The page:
Scholars Issue Yet Another Letter on the Erosion of Justice in Taiwan

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Friday January 30, by Jerome F. Keating Ph.D.

Previous posts of November 15, and November 29, 2008 had presented two open letters to Taiwan's Minister of Justice on the erosion of justice in Taiwan during the short presidency of Ma Ying-jeou. Minister Wang failed to provide any kind of satisfactory answer to both letters and as a result the scholars and writers issued a third letter. This time the letter was addressed to President Ma Ying-jeou before the Lunar New Year holiday. The text is provided below; an answer has since been given by the Government Information Office. It too was inadequate but it will still be provided at a later date. Unable to live up to its pre-election hype and face the bankrupt inadequacy of its programs, the Ma government can only resort to denial.

Eroding justice: Open letter No. 3

Wednesday, Jan 17, 2009


We the undersigned, scholars and writers from the US, Canada, Europe and Australia, consider ourselves long-time supporters of a democratic Taiwan. We write to express our concern regarding the erosion of the judicial system in Taiwan during the past few months.

On two previous occasions we have publicly expressed our concerns to Justice Minister Wang Ching-feng, but the minister's responses are troubling in their persistent failure to acknowledge that there even is a problem, and in their attitude of denial that the judicial process is flawed and partial. We trust that our raising our concerns with you as president will be treated as advice from international supporters of Taiwan's democracy who care deeply about the country and its future as a free and democratic nation.

First we may mention the fact that your administration has not yet acted upon recommendations, made both by Freedom House and Amnesty International, to conduct an independent inquiry into the events surrounding the visit of Chinese envoy Chen Yunlin, and in particular the police behavior and infringements on basic freedoms. The establishment of a scrupulously neutral commission is essential if there is to be a fair and objective conclusion on the disturbances that occurred during the Chen Yunlin visit.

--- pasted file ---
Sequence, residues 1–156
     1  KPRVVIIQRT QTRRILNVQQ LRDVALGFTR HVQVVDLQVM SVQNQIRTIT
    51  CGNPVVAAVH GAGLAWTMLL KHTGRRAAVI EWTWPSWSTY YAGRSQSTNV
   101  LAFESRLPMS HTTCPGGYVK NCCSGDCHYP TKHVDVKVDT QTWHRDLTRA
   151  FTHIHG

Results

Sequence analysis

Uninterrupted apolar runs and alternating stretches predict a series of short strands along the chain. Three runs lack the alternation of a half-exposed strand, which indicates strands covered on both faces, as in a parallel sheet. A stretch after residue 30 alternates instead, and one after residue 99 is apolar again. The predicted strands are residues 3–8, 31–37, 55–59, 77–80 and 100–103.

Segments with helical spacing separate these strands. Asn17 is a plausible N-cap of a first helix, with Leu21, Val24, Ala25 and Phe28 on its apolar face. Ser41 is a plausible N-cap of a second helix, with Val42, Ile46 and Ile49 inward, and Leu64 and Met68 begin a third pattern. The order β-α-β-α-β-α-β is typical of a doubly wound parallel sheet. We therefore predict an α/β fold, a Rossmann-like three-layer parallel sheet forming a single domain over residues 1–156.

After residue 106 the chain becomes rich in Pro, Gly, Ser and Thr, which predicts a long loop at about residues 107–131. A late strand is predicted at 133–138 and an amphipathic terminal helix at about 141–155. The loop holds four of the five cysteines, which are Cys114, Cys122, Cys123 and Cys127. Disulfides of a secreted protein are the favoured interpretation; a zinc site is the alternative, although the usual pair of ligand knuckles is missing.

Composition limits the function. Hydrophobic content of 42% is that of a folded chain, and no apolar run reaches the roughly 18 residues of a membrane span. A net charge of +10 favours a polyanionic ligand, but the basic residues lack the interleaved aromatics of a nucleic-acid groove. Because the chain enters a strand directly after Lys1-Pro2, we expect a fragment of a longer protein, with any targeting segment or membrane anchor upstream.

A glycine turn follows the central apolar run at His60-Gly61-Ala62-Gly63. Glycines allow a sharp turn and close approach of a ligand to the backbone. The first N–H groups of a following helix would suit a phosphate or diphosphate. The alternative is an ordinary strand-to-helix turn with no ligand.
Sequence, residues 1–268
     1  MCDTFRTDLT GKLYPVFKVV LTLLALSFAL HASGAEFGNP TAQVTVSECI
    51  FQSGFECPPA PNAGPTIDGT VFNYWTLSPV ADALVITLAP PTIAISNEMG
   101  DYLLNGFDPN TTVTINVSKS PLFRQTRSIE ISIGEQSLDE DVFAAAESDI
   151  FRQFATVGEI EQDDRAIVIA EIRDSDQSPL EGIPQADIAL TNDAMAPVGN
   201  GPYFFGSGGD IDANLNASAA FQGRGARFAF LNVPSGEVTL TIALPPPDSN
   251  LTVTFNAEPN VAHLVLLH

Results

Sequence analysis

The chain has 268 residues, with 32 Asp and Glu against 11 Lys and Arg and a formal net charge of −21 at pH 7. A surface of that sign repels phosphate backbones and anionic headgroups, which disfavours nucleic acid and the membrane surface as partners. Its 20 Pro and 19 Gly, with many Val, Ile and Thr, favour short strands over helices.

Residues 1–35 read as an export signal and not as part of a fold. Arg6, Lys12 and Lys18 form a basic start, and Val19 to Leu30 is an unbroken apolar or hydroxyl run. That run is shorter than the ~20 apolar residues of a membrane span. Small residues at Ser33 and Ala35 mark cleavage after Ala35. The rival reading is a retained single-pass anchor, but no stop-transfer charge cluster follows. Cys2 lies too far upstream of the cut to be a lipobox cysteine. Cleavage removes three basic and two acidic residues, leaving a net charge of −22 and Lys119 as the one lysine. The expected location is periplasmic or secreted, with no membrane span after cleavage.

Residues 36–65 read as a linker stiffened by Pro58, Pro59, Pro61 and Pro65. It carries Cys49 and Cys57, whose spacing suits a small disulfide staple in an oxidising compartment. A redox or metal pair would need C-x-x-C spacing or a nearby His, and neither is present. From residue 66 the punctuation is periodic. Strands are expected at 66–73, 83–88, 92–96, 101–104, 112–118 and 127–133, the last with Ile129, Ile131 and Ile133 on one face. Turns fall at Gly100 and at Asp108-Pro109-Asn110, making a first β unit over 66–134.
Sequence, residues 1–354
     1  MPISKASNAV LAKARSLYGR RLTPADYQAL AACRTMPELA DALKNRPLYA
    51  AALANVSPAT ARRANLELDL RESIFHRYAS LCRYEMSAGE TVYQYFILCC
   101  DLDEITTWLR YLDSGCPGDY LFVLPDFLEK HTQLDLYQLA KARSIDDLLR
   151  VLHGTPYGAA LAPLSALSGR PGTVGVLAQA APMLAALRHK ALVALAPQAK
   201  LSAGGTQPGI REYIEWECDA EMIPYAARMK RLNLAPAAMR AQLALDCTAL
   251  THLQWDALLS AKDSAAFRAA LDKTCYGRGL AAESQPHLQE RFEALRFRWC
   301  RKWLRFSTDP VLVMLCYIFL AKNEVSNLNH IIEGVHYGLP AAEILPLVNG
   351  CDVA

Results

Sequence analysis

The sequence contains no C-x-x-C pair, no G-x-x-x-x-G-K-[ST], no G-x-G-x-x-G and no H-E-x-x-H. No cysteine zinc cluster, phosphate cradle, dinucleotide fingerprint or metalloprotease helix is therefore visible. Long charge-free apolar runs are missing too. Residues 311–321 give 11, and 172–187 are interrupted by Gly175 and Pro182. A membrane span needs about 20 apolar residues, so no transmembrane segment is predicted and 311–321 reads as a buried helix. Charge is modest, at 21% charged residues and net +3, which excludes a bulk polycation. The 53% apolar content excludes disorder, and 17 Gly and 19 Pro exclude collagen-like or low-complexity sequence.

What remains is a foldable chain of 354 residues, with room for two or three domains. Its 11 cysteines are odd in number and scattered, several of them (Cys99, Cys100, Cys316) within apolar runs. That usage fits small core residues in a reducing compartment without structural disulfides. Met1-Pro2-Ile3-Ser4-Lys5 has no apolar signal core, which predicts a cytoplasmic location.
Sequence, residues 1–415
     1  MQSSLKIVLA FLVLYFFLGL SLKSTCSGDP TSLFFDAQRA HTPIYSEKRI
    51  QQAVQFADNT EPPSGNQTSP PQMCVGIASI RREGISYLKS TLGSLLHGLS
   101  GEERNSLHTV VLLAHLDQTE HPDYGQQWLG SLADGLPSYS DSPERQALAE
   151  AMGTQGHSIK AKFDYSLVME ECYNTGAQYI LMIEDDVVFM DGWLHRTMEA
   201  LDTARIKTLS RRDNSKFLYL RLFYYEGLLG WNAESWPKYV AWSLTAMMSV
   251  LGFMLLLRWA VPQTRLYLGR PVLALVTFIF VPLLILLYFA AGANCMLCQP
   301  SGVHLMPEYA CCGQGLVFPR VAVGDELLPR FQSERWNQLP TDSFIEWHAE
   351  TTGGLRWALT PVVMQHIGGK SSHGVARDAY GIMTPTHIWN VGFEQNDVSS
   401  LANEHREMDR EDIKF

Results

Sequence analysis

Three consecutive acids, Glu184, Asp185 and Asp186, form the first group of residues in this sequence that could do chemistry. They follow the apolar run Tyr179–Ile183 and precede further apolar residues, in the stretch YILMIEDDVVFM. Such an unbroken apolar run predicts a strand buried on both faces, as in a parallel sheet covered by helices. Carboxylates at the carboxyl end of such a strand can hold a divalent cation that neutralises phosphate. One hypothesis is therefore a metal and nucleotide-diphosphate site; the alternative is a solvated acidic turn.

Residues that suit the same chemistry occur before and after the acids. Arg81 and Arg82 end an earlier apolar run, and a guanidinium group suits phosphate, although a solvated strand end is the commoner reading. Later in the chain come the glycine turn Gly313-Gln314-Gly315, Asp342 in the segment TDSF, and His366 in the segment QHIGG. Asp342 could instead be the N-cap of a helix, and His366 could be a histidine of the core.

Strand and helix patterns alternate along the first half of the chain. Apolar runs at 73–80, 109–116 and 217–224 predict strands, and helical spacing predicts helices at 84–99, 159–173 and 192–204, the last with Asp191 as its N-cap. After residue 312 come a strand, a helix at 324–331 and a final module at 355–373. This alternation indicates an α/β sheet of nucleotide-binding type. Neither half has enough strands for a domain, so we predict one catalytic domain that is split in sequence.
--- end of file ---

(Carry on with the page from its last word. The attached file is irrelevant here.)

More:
Second, we are concerned about the legal proceedings in the case of former president Chen Shui-bian. The switch of the case from a three-panel court that released him on his own cognizance on Dec. 13 to a court that subsequently re-incarcerated him on Dec. 25, both Christmas Day and Constitution Day, seems to have resulted from political pressure from KMT members of the Legislative Yuan. In his commentary in the South China Morning Post of Jan. 8, 2009, Professor Jerome Cohen presented details of such political interference in the judicial system, while The Associated Press on Jan. 4 also gave incisive insights in the process that took place.

Third, we are deeply concerned by the widespread pattern of leaks to the media regarding ongoing cases' leaks which because of their content and nature can only have come from the prosecutors' offices. As was reported by The Associated Press on Jan. 4, 2009, prominent observers in Taiwan such as Professor Wang Yeh-lih of National Taiwan University charge that these leaks come from prosecutors who consistently violated the principle of guarding the details of investigations during the Chen case.

This pattern of behavior displays a distinct bias in the judicial system and a disregard for fair and impartial processes.

The lack of attention to professional judicial standards reached a new low with the skit by several prosecutors who satirized those whom they are prosecuting. We are disturbed by Minister Wang's defending this as "just for fun".

Press agencies quote the minister as saying: "It was just a play to help everybody relax. There's no reason to take it too seriously."

In our view the actions by the prosecutors and the comment by Minister Wang display a lack of judicial professionalism and political neutrality.